The Deep History of Dinosaur Lice

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Hunting dinosaurs is a dangerous business. Scores of fictional, time-traveling hunters have learned this lesson the hard way, but arguably the most unfortunate was the protagonist of Brian Aldiss' short story "Poor Little Warrior." All Claude Ford wanted to do was get away from his disappointing life and unhappy marriage by gunning down prehistoric monsters. Slaughtering a swamp-dwelling Brontosaurus briefly satisfied his escapist desires, but, unfortunately for Ford, the dinosaur had been home to scores of lobster-sized parasites that scurried off their dead host and onto the closest, warmest living thing.

Paleontologists have not yet found such monstrous Mesozoic parasites, but familiar pests did afflict dinosaurs. Tiny trematode and nematode worms lived in the guts of predatory dinosaurs, and Tyrannosaurus itself was plagued by a harmful microorganism commonly found among modern pigeons. But not all dinosaur parasites were internal. Although not as terrible as Aldiss' creatures, prehistoric lice may have made the lives of many dinosaurs very itchy.

The prehistory of lice is poorly understood. Out of five supposed fossil lice scrutinized by entomologist Robert Dalgleish and colleagues in 2006, only one, a 44-million-year-old specimen described by Dalgleish, Torsten Wappler and Vincent Smith two years earlier, turned out to be the genuine article. Curiously, though, the single fossil specimen appeared to be a close relative to feather lice found on modern birds, and the researchers who described it suggest that birds may have "inherited from early-feathered theropod dinosaurs."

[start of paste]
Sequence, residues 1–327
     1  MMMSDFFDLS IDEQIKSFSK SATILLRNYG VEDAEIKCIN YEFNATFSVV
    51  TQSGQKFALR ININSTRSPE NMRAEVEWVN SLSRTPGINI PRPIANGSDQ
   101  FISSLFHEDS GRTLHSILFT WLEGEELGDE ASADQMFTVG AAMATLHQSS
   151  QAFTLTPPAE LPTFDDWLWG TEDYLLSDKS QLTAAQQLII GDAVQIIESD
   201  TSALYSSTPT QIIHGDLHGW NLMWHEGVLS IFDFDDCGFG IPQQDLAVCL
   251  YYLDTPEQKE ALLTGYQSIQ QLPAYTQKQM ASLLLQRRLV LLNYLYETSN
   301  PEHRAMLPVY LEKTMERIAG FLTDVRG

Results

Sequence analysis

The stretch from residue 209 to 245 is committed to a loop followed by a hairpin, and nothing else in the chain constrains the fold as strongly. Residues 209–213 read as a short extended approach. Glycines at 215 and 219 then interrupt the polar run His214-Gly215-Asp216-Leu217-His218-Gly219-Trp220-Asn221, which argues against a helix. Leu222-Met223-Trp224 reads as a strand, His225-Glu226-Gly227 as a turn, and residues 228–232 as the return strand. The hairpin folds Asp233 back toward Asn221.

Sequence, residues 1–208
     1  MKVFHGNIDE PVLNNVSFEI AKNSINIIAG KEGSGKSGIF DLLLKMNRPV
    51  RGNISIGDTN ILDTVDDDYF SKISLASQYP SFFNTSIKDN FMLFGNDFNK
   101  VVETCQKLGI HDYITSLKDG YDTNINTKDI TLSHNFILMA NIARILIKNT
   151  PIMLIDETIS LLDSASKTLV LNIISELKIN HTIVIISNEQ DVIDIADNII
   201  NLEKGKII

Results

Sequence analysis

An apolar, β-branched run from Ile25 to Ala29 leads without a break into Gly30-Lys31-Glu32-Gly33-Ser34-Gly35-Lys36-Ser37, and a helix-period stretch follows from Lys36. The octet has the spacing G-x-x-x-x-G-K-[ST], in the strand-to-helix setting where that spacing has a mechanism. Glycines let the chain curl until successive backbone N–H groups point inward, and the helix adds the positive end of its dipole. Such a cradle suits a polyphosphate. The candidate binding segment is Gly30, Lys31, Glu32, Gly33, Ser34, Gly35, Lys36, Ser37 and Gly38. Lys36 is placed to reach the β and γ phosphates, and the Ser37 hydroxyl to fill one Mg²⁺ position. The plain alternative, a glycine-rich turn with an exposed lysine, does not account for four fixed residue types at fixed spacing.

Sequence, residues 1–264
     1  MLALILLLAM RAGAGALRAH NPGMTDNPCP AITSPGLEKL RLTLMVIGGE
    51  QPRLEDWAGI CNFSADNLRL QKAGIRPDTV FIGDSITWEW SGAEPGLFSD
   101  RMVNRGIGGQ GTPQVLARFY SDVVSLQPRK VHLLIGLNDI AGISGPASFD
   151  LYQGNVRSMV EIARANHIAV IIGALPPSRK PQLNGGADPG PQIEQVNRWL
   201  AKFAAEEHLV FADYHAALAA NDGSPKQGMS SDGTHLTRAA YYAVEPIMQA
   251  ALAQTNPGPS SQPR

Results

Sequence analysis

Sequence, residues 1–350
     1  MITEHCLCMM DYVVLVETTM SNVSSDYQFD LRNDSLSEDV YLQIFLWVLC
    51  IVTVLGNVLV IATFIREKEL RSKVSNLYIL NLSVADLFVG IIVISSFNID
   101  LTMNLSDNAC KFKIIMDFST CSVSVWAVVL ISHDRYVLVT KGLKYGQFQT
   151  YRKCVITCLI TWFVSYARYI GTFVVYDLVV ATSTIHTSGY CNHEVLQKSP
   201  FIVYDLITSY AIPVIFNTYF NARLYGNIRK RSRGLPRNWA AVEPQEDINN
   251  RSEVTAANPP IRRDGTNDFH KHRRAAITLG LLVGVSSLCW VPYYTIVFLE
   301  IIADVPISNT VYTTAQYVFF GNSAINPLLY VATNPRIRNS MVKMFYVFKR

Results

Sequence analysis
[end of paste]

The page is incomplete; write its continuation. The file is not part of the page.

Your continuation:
(A 100-million-year-old relative of lice was announced in 2006, but it was a "booklouse" that was not an animal parasite.)

As yet, no feathered dinosaur specimen has been found with preserved lice, but a Biology Letters study just published by Smith and a different team of collaborators suggests that the pests might have taken up residence on some Cretaceous species. This hypothesis is based on comparisons of modern louse lineages. Since the prehistoric feather louse and the older "booklouse" remain the only finds close to the early history of lice, the scientists behind the new research used the genetics of living louse species to estimate when their respective lineages would have diverged from one another.

What the scientists came up with was a hypothetical tree of louse evolution. The genetic divergence estimates suggest that parasitic lice were diversifying just after 100 million years ago in a Late Cretaceous world teeming with hosts. Exactly which hosts these insects parasitized is unknown.